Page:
Supreme Court Declines to Interfere with Lower Court Ruling: North Carolina Voter Suppression Law Is Racially Discriminatory and Will Not Stand


Decision Leaves in Place Key Fourth Circuit Court Decision

Today, the U.S. Supreme Court denied certiorari in the North Carolina v. North Carolina State Conference of the NAACP case, leaving in place the circuit court’s decision that North Carolina’s omnibus voter suppression law intentionally discriminated against minorities, in violation of the Constitution and the Voting Rights Act. Gerry Hebert, director of voting rights and redistricting at the Campaign Legal Center (CLC), released the following statement:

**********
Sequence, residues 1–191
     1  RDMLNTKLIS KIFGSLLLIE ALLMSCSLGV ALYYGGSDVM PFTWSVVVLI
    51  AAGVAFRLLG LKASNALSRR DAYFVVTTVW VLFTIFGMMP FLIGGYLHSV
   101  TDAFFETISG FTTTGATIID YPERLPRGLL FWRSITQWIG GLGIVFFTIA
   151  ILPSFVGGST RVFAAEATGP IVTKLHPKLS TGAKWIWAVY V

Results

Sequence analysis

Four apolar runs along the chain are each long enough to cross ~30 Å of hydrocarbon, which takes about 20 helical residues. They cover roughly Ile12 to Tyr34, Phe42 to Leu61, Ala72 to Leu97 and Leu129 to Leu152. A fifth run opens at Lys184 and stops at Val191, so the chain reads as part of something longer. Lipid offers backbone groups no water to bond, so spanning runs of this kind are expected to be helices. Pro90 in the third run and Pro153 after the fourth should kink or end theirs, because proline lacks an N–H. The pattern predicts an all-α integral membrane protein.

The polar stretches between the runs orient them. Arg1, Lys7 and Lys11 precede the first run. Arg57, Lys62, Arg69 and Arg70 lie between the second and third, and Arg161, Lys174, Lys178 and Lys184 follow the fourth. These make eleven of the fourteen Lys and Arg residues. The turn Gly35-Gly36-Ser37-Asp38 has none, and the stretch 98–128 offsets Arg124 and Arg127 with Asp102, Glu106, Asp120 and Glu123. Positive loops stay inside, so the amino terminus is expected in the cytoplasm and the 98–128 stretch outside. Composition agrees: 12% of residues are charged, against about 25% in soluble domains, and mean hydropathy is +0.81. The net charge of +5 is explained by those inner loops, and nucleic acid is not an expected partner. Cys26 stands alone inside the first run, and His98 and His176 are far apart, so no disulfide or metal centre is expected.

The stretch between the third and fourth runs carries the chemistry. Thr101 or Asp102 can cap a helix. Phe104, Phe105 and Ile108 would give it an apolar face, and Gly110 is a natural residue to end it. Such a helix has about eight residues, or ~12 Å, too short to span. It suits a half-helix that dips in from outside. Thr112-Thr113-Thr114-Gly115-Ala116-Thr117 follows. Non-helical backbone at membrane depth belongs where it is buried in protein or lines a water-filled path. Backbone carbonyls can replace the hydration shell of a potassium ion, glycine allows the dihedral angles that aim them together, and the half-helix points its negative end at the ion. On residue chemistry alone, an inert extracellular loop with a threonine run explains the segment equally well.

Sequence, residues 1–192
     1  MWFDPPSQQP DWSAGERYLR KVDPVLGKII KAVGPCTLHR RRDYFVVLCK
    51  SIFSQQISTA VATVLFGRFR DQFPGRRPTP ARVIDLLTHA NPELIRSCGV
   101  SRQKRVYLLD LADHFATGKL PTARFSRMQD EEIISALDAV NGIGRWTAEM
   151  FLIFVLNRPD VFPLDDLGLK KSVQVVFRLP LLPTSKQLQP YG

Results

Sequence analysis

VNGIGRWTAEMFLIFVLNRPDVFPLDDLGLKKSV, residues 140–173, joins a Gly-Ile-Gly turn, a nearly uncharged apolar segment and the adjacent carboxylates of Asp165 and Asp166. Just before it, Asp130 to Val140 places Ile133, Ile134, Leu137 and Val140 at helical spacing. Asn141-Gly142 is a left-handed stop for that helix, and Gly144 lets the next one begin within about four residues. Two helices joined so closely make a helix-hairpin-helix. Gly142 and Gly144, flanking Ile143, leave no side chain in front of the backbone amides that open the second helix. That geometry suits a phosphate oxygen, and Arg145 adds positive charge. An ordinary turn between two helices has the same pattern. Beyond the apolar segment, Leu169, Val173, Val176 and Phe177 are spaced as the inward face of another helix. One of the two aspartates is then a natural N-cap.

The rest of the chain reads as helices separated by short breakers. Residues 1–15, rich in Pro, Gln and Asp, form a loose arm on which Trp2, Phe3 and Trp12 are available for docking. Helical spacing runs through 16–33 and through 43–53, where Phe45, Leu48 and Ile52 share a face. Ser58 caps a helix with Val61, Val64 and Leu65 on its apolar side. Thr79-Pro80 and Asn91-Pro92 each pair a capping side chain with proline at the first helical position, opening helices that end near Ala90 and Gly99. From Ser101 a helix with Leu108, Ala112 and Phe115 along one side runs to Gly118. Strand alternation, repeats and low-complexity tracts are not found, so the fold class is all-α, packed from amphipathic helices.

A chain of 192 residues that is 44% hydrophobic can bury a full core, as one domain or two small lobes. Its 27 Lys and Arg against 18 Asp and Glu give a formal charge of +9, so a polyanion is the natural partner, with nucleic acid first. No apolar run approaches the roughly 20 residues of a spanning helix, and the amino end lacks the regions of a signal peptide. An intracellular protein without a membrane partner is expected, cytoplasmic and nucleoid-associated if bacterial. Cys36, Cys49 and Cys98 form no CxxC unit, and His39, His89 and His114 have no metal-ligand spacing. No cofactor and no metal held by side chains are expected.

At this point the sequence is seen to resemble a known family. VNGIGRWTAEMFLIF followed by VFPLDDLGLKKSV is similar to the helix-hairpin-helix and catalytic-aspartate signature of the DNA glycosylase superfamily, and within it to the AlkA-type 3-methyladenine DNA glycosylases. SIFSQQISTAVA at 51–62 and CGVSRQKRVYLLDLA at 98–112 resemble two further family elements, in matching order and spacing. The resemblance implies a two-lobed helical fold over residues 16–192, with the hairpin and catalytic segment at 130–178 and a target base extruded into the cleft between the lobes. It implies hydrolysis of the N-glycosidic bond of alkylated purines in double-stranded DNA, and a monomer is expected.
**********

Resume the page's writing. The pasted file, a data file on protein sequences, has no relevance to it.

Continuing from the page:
“The Supreme Court rightfully rejected taking up a review of North Carolina’s voter suppression law today. This case serves as a sobering reminder of the continuing fight to protect voters from discriminatory voting laws that legislators too often enact with the purpose of burdening minority communities. This was one of the most restrictive voting laws in the country—passed in the direct aftermath of the loss of Section 5 of the Voting Rights Act—so it is a huge victory for both North Carolina voters and the country that the Supreme Court will not review the Fourth Circuit’s decision striking down these restrictive laws.”